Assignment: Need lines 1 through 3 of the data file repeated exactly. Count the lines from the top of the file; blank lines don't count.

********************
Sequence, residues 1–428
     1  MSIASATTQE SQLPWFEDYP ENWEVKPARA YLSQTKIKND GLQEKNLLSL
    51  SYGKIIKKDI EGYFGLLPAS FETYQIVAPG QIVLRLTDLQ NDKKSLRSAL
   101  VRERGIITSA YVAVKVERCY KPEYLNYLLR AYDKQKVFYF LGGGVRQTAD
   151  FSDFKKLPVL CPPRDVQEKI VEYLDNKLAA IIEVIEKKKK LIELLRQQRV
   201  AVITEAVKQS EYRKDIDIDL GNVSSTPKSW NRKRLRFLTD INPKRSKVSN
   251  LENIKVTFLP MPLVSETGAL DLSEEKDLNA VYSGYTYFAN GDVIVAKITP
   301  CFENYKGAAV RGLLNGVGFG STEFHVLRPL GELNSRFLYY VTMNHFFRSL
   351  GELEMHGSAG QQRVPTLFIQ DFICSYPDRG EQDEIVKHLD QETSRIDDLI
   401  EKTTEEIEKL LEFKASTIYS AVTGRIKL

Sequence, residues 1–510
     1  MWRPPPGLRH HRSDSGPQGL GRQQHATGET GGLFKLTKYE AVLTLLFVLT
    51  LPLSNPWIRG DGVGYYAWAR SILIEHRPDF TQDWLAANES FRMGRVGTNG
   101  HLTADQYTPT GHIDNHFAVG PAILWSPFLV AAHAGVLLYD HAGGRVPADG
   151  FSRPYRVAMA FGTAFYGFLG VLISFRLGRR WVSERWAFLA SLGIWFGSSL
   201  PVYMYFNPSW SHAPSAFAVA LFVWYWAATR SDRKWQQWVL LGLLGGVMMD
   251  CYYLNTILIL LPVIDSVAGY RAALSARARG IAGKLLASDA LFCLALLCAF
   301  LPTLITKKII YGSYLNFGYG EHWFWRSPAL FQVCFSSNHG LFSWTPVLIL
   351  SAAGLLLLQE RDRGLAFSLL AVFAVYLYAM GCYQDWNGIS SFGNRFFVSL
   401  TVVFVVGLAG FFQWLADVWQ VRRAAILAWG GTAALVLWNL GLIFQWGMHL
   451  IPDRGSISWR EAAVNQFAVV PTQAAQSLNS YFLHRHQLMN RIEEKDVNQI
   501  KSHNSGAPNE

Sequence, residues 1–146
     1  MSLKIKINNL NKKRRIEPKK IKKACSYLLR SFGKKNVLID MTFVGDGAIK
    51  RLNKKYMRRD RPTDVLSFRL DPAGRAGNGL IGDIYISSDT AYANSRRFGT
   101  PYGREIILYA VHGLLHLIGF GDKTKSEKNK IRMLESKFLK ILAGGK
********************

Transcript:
Sequence, residues 1–428
     1  MSIASATTQE SQLPWFEDYP ENWEVKPARA YLSQTKIKND GLQEKNLLSL
    51  SYGKIIKKDI EGYFGLLPAS FETYQIVAPG QIVLRLTDLQ NDKKSLRSAL